" (5) The block I lived on was called "The Red Wing." The Italian Red Wings, who were East Harlem's largest and most powerful Italian street gang, defended Thomas Jefferson Park which was located between First Avenue and the east river, from 111th to 114th Street. Jefferson Park  included a swimming pool, a baseball diamond, handball and basketball courts, a children's playground and an area for the Italian men to play "boccie." It was free to the public.

This is an excerpt from stonegreasers.com which will give you an insight into the gangs of that time from my old neighborhood. "Italian Harlem consisted of Italians mostly of the poorer southern provinces of Calabria and Sicily, who settled in the area east of 3rd Avenue, between 110th-125th Streets, known as "Dago Harlem." During the 40s, 50s and early 60s, a street gang known as the Harlem Redwings controlled this turf. Their main rivals in East Harlem were the black Dragons and the Enchanters, a few Irish gangs from Irish Harlem, along with the Puerto Rican Viceroys - who controlled 86th Street.” “The RED WINGS and the DARLING DEBS were known to hang around 120TH and Pleasant Avenue in the area of the Wagner Projects. Red Wing hangouts included: Shep's Candy Store on the corner of 115th and Pleasant Ave. right across the street from Franklin, Artistries on 118th St. and Pleasant  Ave, the Night Hawks on 119th St and Pleasant Ave and Osies Candy Store on 116th St. between 1st and Pleasant Ave. "

Since history is my passion, I would like to take you on a walk through a neighborhood that was once German, Jewish, Irish, then it changed into a Little Italy, with a large influx of Puerto Ricans following and soon thereafter East Harlem became Spanish Harlem known as "El Barrio." Today there is a considerable amount of Central and South American immigrant populations moving into the area which have begun to succeed the Puerto Ricans.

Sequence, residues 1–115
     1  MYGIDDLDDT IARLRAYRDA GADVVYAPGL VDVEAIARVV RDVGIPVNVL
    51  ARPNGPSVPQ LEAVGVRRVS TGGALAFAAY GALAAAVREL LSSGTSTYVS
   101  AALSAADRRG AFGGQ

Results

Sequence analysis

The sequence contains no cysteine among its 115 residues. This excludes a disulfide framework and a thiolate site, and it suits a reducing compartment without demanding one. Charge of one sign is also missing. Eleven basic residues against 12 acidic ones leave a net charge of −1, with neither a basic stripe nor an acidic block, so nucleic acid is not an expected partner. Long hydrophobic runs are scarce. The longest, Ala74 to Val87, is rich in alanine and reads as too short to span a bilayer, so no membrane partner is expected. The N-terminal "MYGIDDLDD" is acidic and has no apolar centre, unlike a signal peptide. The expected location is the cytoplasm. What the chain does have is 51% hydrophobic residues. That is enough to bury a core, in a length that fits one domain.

My essay focuses a particularly long lens on New York City's early immigration as well as the progression of East Harlem's ethnic changes. This ebb and flow of a diverse ethnic population has had a tremendous historical significance forming an interesting part of the early history of this city.

Immigration to the United States during the period of the 19th century into the early 20th century has been the focus of much attention. A great mass of emigrants from various origins would leave their places of birth in pursuit of the "American Dream", which
symbolized for them democracy, equality, liberty, justice and most of all material well- being. These emigrants with only the clothes on their backs, lacking funds to support themselves, were totally unprepared for the difficulty of "Reaching for the American
Dream."

Many of Europe's inhabitants suffered tremendous hardships. Wars, calamities generating poverty, racial prejudices, religious persecution, political oppression, economic causes, tyranny, and prevention of individuals from reaping the rewards of their hard work, were a consistent part of the emigrant's daily existence. As long as those who were victimized remained in their countries, they knew they would continue to be subjected to more of the same.

Of course, not all Europeans were affected; some would choose to leave their country on a temporary nature, seeking better economic opportunities elsewhere before returning home. Often, however, those that ventured to America and prospered economically would remain in their adopted country.